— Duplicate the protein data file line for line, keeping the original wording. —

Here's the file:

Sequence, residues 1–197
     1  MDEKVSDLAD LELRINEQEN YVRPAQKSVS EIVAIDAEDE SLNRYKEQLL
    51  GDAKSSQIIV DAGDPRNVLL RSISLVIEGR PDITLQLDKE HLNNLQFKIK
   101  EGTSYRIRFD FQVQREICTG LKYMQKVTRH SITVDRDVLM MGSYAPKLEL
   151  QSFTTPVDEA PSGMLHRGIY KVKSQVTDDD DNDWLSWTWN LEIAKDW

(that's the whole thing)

Sequence, residues 1–197
     1  MDEKVSDLAD LELRINEQEN YVRPAQKSVS EIVAIDAEDE SLNRYKEQLL
    51  GDAKSSQIIV DAGDPRNVLL RSISLVIEGR PDITLQLDKE HLNNLQFKIK
   101  EGTSYRIRFD FQVQREICTG LKYMQKVTRH SITVDRDVLM MGSYAPKLEL
   151  QSFTTPVDEA PSGMLHRGIY KVKSQVTDDD DNDWLSWTWN LEIAKDW